“The times they are a changing”, Bob Dylan penned many years ago while perhaps foreseeing what would be happening in Halifax in 2016.
As rabbis have left for other pulpits, other rabbis are arriving to assume the leadership of the city’s two major shuls.
In addition, the Atlantic Jewish Council (AJC) and Hillel Atlantic Canada have new people at the helm.
“It’s exciting for everyone in the Halifax community and the region,” said Mark Rosen, co-chair of the executive committee of Shaar Shalom Synagogue a Conservative congregation, and a past president of the AJC. “At the Shaar, the new rabbi [32-year-old Rabbi Raysh Weiss] is bringing a youthful vibrancy to our congregation.”
Joseph Roza, president of the Orthodox Beth Israel Synagogue, was equally excited about the arrival of Rabbi Yakov Kerzner.
“After three rabbis who were quite young and were with us for about four years each, Rabbi Kerzner, in his late 50s, brings a maturity and experience that will fit in well with our congregation,” Roza said of the 125-year-old congregation and its aging membership. “Yet he has a youthful exuberance that should be able to relate well to younger members and the many university students in the Halifax area.”
At the AJC, Naomi Rosenfeld takes over as executive director as Jon Goldberg retires after 23 years at the helm. Craig Fox is the new director of Hillel Atlantic Canada.
Rabbi Weiss, a Chicago native and graduate of Northwestern University and University of Minnesota (PhD in comparative literature and cultural studies), received her ordination from the Jewish Theological Seminary in New York last May. She grew up in an Orthodox home but discovered Conservative Judaism in her teens and eventually chose to pursue a career in the rabbinate.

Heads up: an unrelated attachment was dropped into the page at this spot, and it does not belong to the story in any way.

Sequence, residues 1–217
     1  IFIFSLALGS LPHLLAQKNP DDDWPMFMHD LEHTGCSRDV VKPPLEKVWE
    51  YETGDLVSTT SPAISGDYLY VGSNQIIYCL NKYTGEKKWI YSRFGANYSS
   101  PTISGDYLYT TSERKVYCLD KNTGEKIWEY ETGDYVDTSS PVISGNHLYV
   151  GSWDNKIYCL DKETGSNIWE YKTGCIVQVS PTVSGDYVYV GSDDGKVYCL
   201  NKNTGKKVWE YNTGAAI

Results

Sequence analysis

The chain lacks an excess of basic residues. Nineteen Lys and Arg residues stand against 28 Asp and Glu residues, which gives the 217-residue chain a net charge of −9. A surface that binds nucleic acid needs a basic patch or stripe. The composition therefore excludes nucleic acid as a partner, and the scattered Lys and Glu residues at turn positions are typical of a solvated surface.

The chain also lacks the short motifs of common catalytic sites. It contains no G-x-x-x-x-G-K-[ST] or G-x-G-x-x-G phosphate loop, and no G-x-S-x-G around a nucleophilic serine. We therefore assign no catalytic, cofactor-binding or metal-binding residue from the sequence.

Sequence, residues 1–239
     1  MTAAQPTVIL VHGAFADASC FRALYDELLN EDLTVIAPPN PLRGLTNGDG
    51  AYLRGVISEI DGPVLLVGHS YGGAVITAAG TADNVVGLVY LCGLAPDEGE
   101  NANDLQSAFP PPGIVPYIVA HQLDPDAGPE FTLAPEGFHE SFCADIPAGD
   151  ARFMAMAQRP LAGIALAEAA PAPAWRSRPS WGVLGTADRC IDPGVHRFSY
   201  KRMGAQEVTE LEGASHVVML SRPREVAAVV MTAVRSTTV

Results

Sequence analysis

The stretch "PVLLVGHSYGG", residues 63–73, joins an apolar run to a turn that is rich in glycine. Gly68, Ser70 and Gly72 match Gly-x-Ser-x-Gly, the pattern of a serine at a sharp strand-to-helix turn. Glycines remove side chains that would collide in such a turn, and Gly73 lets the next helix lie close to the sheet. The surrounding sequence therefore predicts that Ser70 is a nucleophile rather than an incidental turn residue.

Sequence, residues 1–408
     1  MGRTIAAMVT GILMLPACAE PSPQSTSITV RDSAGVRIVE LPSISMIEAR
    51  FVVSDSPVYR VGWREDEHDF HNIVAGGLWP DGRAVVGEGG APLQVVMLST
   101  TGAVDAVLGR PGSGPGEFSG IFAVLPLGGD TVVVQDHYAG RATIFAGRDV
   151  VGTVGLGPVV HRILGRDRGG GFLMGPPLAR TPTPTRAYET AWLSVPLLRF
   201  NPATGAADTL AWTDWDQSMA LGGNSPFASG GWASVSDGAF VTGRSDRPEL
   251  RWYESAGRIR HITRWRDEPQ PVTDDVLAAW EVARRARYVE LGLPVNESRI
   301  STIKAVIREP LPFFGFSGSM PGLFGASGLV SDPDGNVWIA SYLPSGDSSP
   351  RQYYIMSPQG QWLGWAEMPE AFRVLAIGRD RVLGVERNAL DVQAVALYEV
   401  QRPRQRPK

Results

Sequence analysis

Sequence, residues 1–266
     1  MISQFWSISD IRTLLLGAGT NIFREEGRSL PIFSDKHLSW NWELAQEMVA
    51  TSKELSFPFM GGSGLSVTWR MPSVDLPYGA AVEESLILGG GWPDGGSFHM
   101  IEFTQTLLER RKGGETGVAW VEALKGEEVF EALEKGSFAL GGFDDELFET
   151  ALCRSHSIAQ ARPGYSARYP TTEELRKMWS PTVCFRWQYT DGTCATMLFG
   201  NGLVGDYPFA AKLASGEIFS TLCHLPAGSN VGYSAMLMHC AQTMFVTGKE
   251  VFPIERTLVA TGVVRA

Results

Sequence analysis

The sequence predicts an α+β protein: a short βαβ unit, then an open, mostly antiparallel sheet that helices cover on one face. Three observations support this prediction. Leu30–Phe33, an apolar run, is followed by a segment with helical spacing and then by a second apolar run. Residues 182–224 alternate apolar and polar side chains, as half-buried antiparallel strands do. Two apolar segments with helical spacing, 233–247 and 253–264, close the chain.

“As a young girl, I saw a deaf woman lead services at an egalitarian shul and was so impressed with her, I realized I wanted to do this work,” she recalled.
This will be her first rabbinic posting and she’s excited to be here, with her husband, Rabbi Jonah Rank, who will be involved in education and community engagement.
Rabbi Weiss chuckles and says, “I met him in the first week at JTS when I was having difficulty with my tfillin, which I had never worn, and he helped me.” The couple has a one-year-old daughter.
They chose Halifax because “we were moved by the kindness of the people. And it’s a younger community that seems to have lots of potential.”
She’s excited to work with Rabbi Kerzner in the combined Hebrew schools of the two synagogues and “with the leadership of AJC and Hillel to make a stronger Jewish community.”
Rabbi Kerzner echoed those thoughts. “I know we’ll find new and creative ways to work together in the community,” he said.
Rabbi Kerzner comes to Halifax after 17 years as rabbi at the Mizrachi Bayit in Toronto plus time as an outreach educator at Toronto’s Clanton Park Synagogue and a similar position at Aish Hatorah/Ohr Somayach in Thornhill.
He and his wife Lisa have four grown children, three living in Brooklyn, N.Y. and one just entering the Israel Defence Forces as a lone soldier. The rabbi grew up in a rabbinical family in Wilkes-Barre, Penn., and studied at yeshivas for 11 years before branching into business as founder and president of Nightingale Health Care and Primary Response in Toronto. He received his ordination from Beth Medrash Govoha in Lakewood, N.J., in 1990.
“Being in Halifax will be similar to being in Wilkes-Barre, a smaller community,” he said. “Lisa [who grew up in Malden, Mass., also a small community] and I are going back to what we know, so it’s no shock after being in Toronto. “
Being with older congregants gives Rabbi Kerzner an ability to relate as he foresees being able to share common life experiences.
“I can enter discussions which possibly a younger rabbi couldn’t. But I know I can work well with younger congregants, university students and the children I’ll be teaching at the Talmud Torah,” he said.